ABC’s McNeill vowed to be an advocacy journo, and she delivered

ABC's McNeill vowed to be an advocacy journo

A year and a half ago, after ABC announced Sophie McNeill as its new Middle East Correspondent, AIJAC questioned how the ABC could give the sensitive post to a journalist who had openly taken sides in the Israeli-Palestinian conflict.

After all, McNeill had once written a story for the website Electronic Intifada – a website that openly calls for Israel’s destruction.

Unlike her ABC colleague Fran Kelly, who said that once she began working as a journalist with the National Broadcaster, she ceased being an activist, McNeill has never recanted her pledge to use journalism to serve one particular narrative. As I pointed out in 2015, when you craft your reporting to further a political agenda, that makes you, by definition, an advocacy journalist.

In 2011, in an interview with ANU’s Victoria Mason ahead of a lecture she gave at the university entitled “Reporting from Conflict Zones”, McNeill offered two examples of how she prefers to frame stories from the point of view of the people who are “really suffering in a situation”. Tellingly, both examples she gave were of Palestinians – and one specifically referred to Gaza children with cancer.

If you just try and frame stories from the point of view of the people who are really suffering in a situation, be it in Lebanon, if you re hanging out in a Palestinian refugee camp, [or] in Gaza you re hanging out, you know, at the children’s cancer ward. One of the saddest things I’ve seen in my whole life is spending some time filming in a children’s cancer ward in Gaza. I just think if you just – if you look at a situation and you just – yeah, I guess just try and spend time with the people who are – who really don t have any power and it is hard, you know, for them to have a voice. Then that’s, yeah, that’s the kind of journalism I want to do.

Five years later, McNeill has now fulfilled her ambition to do a feature story about children in Gaza suffering from cancer, in a 10-minute story for Lateline that aired on September 21.

There is, of course, absolutely nothing wrong with reporting about the challenges facing young cancer patients in Gaza and their families. How it is reported, however, does matter. And here – in a predictable fashion that has become McNeill’s professional calling card on the Israeli-Palestinian issue – she has improperly used the ABC as a vehicle to promote the Palestinian narrative:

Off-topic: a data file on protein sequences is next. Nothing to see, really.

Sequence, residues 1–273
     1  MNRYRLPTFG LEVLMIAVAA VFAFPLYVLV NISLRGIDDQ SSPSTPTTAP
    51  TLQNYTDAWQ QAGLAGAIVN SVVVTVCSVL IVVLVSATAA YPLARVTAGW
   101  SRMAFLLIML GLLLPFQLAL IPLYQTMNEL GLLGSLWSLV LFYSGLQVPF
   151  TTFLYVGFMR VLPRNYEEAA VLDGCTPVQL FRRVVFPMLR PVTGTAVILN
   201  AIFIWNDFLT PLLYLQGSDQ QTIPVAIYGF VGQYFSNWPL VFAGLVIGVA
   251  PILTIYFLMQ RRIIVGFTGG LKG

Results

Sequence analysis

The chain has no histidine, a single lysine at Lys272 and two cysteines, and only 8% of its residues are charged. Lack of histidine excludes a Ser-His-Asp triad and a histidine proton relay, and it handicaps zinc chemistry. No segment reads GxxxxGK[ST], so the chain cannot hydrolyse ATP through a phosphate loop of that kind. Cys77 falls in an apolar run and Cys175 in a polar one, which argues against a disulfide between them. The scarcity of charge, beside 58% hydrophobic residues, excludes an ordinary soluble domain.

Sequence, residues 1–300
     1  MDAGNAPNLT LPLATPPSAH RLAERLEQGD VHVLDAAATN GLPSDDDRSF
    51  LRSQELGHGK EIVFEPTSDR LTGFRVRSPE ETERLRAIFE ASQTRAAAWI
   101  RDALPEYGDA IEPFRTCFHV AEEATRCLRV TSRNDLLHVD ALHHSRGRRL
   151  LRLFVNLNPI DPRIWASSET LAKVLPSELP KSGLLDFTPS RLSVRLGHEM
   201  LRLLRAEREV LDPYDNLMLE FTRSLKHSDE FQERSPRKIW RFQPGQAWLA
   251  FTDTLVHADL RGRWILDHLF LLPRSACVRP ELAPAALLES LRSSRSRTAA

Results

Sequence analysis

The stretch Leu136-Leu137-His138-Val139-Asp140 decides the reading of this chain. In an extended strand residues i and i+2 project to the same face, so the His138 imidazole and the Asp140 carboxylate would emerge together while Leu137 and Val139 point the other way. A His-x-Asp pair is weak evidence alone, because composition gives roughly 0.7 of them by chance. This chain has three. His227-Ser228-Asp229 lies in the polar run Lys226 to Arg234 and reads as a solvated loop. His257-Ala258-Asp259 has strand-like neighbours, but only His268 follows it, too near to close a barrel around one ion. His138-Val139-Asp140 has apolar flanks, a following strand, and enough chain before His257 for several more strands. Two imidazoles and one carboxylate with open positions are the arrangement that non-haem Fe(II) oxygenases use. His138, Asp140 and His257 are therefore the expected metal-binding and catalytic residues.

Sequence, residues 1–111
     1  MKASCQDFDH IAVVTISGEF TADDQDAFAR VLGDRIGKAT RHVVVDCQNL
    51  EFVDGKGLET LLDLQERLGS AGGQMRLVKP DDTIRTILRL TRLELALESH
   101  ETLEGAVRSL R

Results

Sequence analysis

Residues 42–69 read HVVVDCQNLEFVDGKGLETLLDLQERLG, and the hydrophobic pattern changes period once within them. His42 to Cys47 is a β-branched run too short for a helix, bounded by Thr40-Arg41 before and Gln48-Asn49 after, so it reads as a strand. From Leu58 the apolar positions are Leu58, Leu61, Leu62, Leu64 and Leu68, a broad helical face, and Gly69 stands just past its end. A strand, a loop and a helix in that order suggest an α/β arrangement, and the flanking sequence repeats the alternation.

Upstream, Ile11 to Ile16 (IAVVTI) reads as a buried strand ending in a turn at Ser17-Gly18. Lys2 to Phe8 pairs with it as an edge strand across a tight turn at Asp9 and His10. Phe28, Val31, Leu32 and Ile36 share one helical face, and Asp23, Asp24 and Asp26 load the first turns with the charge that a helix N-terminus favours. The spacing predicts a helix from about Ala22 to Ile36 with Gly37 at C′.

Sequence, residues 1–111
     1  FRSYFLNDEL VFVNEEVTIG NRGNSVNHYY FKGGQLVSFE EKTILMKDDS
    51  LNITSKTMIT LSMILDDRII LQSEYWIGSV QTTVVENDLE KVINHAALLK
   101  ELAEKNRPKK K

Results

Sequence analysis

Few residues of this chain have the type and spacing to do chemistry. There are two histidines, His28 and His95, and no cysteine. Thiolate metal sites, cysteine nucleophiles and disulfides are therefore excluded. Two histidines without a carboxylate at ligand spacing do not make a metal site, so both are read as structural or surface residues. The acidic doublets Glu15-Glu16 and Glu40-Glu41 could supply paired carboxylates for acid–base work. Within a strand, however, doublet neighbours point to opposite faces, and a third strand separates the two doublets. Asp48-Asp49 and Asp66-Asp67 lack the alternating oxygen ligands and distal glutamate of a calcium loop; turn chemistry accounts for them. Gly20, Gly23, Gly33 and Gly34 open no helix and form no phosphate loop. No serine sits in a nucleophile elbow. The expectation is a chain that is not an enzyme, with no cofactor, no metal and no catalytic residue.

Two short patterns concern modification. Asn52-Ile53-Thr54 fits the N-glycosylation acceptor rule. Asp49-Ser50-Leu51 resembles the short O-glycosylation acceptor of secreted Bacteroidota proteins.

1) Portray Palestinians as the victims. This is done by using as much anecdotal, personal stories and heartstring-tugging footage as possible.
2) Portray Israel as the victimiser ideally through utterances of the Palestinians with the grievances you’re looking for. Israeli representatives get their token right to reply with an impersonal single statement slipped in at the end of the story.
3) (In the case of Gaza) Downplay or ignore the responsibility of Egypt, the Palestinian Authority and especially Gaza’s Hamas government to serve the medical needs of these Palestinians. They aren’t given reply at the end of the story because they don’t stand accused by the story narrative. Israel does.

For the purposes of clarity, a deconstruction of McNeill’s Lateline piece appears in a separate blog to be published shortly.

Unlike the deconstruction, this blog does not stand as a critique of McNeill per se but rather of those people at the ABC responsible for hiring her as the National Broadcaster’s sole Jerusalem-based Middle East Correspondent, and overseeing her work there.

The ABC dispatched her to Jerusalem despite the fact that, before she took the post, they knew her track record on the Israeli-Palestinian conflict, were made aware that she had written a piece for the Electronic Intifada, had appeared as a guest speaker at a pro-Boycott, Divestment and Sanctions Palestinian advocacy function and that, in 2011, she had talked about her desire to perform as an advocate and not an impartial journalist.

McNeill’s decision to file virtually the exact story that she proposed in 2011 as an example of the sort of journalism she “want(s) to do” to promote her advocacy agenda, and her ABC editors’ decision to let her, stands as an indictment of the ABC’s ability to do its job in an impartial way as required by law. Among other things, it should properly be put to ABC’s new Director Michelle Guthrie during Senate Estimates as part of routine parliamentary scrutiny of how the ABC performs its taxpayer-funded role.

Gutherie was not in charge when the decision was made to give McNeill the Middle East Bureau job, but as the head of the ABC, she should have to answer for McNeill’s brazen attempt here to get ABC to support her apparent desire to run the ABC’s taxpayer-funded Middle East Bureau as an advocacy journalist and not an impartial one.

Given the ABC’s statutory obligations to be impartial, she shouldn’t be allowed to run her own agenda, and the ABC must be scrutinised for its decision to let her.

Ahron Shapiro